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Suspects of Germany's 'biggest child sexual abuse case' confess

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Suspects of Germany's 'biggest child sexual abuse case' confess
Suspects Mario S. (l) und Andreas V. on trial. Photo: DPA
17:23 CEST+02:00
Two of three men charged with hundreds of counts of child sexual abuse over decades at a German camper park pleaded guilty as their trial opened Thursday.

The defendants, who were identified by the court only as Andreas V. and Mario S., admitted to most of the charges against them, while the third suspect, Heiko V., said he would respond in a closed-door session.

Jointly, the three men are accused of some 450 instances of child sexual
abuse.

SEE ALSO: Police 'failures' probed in 'largest child abuse scandal in Germany history'

In a case that shocked the nation when it was uncovered in January, prosecutors say more than 40 children fell victim at the "Eichwald" camper park in Lügde, North Rhine-Westphalia state, between 1998 and 2018.

Most of the children were between three and 14 years old at the time.

The 56-year-old defendant Andreas V., who lived at the campsite, is accused of 298 crimes against children, in 1998 and again between 2008 and 2018.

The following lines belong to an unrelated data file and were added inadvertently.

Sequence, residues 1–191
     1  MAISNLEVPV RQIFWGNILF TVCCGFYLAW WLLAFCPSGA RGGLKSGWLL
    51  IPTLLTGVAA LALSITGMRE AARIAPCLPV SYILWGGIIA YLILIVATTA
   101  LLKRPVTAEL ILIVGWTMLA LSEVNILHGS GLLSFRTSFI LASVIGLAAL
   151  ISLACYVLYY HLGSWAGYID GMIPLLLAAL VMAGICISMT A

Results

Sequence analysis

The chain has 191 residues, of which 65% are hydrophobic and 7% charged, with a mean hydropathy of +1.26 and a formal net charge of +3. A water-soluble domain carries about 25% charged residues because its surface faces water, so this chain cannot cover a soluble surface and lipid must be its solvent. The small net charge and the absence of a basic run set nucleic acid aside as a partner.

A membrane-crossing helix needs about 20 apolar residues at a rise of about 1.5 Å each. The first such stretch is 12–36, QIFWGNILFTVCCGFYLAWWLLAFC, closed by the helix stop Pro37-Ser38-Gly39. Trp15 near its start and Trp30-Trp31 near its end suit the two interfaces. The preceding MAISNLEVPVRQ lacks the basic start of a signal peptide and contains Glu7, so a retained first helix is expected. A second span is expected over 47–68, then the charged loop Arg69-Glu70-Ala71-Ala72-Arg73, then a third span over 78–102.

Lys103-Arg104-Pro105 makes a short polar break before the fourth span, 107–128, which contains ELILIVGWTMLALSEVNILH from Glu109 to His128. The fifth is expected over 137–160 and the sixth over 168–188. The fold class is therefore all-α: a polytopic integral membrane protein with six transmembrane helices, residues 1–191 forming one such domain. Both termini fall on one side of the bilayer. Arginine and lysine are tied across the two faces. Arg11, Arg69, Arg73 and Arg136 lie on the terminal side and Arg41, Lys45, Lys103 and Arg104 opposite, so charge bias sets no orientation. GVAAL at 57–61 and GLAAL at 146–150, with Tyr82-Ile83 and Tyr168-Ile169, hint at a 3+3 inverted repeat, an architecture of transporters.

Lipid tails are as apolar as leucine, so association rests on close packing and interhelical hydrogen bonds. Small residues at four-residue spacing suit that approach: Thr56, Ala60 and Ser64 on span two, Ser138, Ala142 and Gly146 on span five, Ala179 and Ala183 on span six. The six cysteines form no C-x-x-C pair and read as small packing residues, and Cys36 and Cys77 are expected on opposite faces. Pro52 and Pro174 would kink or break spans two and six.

His lawyer told the court he admitted to most of them, but would not speak further or answer any questions at the hearings.

Mario S., 34, was accused of involvement in the sexual abuse from 1999 until January this year, and admitted to "all of the charges laid against me".

He had realized in pre-trial custody "what suffering and horror I inflicted on the children," he said in a statement read by his lawyer.

Prosecutors charged 49-year-old Heiko V. with incitement to sexual abuse of children and abetting the crimes.

'Stunned' 

In German cases dealing with crimes against children, a guilty plea from the defendants can spare the victims from having to give testimony.

Presiding judge Anke Grudda had earlier closed the state court in Detmold to reporters and the public as the charge sheet was read out, saying the 27 plaintiffs had a right for their personal information to be protected.

She said repeatedly that she would prefer to avoid questioning the victims about their experiences.

As the trial opened, Grudda had said she was "stunned" by the "undoubtedly repugnant" nature and scale of the alleged crimes, adding the trial would be a "huge challenge" for everyone involved.

The case is one of the biggest abuse scandals in Germany in decades.

Public outrage was all the stormier as official failures came to light following the discovery of the abuse in January.

District police lost some of the evidence gathered during the investigation, while children's welfare offices have also been criticized over the scandal.

 
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